Papers by Keyword: Materials Testing

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Authors: Mohd Zharif Ahmad Thirmizir, Muhammad Dzulakmal Hazahar, Zainal Arifin Mohd Ishak
Abstract: Poly(butylene succinate)/Poly(hydroxybutyrate-co-hydroxyhexanoate) (PBS/PHBHH) blends were prepared using melt blending in an internal mixer at 160°C. Mechanical and morphological properties of the blends, with ratios of 10/90, 20/80, 30/70, 40/60 and 50/50, are studied by tensile test and microscopy analysis. The effects of maleated PHBHH (PHBHHgMA) compatibiliser on the blend’s mechanical and morphological properties are also investigated. The compatibiliser is prepared by melt grafting maleic anhydride (MA) onto PHBHH at 160°C, in the presence of dicumyl peroxide (DCP) initiator. In this study, the purified compatibiliser is added to the blends. The highest tensile strength was achieved by the 10/90 blend, with a value of 24.83MPa; which is slightly higher than the neat PBS. The tensile modulus of the blends decreased with increasing PBS ratio, and approximately followed the Rule of Mixtures. Meanwhile, the elongation at break achieved its optimum value at 10wt. % PBS loading. The addition of PHBHHgMA at 5wt. % improved the tensile properties of all blends; with the highest value being achieved by the 10/90 blend ratio. Morphological observation via SEM was conducted to observe phase morphology and compatibility between the blend’s components.
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Authors: J.A. Cortês, Elena Mavropoulos, Moema Hausen, Alexandre Rossi, J.M. Granjeiro, Gutemberg Alves
Abstract: Cell adhesion, proliferation and differentiation are important specific parameters to be evaluated on biocompatibility studies of candidate biomaterials for clinical applications. Several different methodologies have been employed to study, both qualitative and quantitatively, the direct interactions of ceramic materials with cultured mammal and human cells. However, while quantitatively evaluating cell density, viability and metabolic responses to test materials, several methodological challenges may arise, either by impairing the use of some widely applied techniques, or by generating false or conflicting results. In this work, we tested the inherent interference of different representative calcium phosphate ceramic surfaces (stoichiometric dense and porous hydroxyapatite (HA) and cation-substituted apatite tablets) on different tests for quantitative evaluation of osteoblast adhesion and metabolism, either based on direct cell counting after trypsinization, colorimetric assays (XTT, Neutral Red and Crystal Violet) and fluorescence microscopy. Cell adhesion estimation after trypsinization was highly dependent on the time of treatment, and the group with the highest level of estimated adhesion was inverted from 5 to 20 minutes of exposition to trypsin. Both dense and porous HA samples presented high levels of background adsorption of the Crystal Violet dye, impairing cell detection. HA surfaces also were able to adsorb high levels of fluorescent dyes (DAPI and phalloidin-TRITC), generating backgrounds which, in the case of porous HA, impaired cell detection and counting by image processing software (Image Pro Plus 6.0). We conclude that the choice for the most suitable method for cell detection and estimation is highly dependent on very specific characteristics of the studied material, and methodological adaptations on well established protocols must always be carefully taken on consideration.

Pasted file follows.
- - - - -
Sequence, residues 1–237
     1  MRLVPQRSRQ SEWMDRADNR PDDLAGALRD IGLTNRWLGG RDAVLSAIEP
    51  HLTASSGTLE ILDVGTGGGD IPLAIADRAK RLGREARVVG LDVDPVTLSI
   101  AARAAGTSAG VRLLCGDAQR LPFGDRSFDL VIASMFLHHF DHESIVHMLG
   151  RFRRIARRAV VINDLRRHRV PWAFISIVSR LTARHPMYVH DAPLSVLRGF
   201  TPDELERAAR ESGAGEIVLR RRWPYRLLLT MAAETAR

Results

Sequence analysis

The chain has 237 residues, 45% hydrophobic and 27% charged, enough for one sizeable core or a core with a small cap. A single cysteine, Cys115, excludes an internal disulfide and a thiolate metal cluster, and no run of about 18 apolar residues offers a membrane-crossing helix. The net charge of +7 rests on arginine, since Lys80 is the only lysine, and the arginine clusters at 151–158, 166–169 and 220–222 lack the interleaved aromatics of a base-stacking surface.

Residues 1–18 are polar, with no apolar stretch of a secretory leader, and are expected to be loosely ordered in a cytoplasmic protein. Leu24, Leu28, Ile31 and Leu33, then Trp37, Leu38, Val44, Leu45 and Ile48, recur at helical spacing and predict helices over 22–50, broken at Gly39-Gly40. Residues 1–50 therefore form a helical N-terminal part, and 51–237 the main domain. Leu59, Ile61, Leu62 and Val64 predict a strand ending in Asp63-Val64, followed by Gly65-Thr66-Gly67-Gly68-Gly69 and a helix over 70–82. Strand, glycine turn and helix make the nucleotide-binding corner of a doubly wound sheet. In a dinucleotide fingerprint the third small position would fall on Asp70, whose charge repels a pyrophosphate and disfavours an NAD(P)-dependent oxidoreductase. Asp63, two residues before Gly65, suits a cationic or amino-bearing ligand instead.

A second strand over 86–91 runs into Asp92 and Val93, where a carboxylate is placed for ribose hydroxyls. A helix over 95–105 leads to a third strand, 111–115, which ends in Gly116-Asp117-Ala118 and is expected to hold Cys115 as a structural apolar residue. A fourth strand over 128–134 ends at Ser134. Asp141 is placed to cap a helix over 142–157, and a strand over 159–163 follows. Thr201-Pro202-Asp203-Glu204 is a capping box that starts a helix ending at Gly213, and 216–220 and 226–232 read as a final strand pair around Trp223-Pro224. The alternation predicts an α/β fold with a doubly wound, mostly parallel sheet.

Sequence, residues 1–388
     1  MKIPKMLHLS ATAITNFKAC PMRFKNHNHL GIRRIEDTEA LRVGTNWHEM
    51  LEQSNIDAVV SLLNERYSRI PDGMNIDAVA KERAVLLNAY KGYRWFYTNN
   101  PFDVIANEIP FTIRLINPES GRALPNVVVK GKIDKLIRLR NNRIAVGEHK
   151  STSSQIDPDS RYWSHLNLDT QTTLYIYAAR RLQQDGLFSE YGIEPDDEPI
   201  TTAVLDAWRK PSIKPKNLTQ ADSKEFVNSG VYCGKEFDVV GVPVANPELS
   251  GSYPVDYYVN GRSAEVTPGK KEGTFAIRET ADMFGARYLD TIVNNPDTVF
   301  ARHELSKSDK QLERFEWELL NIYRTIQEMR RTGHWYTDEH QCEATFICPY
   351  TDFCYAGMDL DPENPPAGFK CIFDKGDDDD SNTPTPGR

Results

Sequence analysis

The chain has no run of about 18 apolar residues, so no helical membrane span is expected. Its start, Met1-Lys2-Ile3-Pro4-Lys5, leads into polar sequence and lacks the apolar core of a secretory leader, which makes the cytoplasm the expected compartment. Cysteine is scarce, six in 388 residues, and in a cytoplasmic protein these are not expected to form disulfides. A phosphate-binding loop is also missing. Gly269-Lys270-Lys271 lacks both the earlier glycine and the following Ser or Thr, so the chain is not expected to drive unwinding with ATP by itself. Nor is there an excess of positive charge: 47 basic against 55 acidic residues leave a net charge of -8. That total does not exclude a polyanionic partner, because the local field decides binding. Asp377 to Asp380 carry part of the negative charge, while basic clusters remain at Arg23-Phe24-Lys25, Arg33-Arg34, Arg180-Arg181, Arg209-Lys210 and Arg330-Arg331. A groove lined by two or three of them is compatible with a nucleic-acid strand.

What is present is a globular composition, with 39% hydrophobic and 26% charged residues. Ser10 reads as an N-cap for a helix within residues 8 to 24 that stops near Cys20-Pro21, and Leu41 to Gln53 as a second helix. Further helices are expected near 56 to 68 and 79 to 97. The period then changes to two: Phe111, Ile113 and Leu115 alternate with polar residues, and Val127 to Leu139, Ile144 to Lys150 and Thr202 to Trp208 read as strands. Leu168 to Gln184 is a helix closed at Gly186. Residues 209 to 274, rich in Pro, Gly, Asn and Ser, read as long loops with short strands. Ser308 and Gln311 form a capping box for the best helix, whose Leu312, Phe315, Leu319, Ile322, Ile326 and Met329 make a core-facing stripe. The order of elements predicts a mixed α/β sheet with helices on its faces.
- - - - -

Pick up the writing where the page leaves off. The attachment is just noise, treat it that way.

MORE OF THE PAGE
325
Authors: Ichiro Shimizu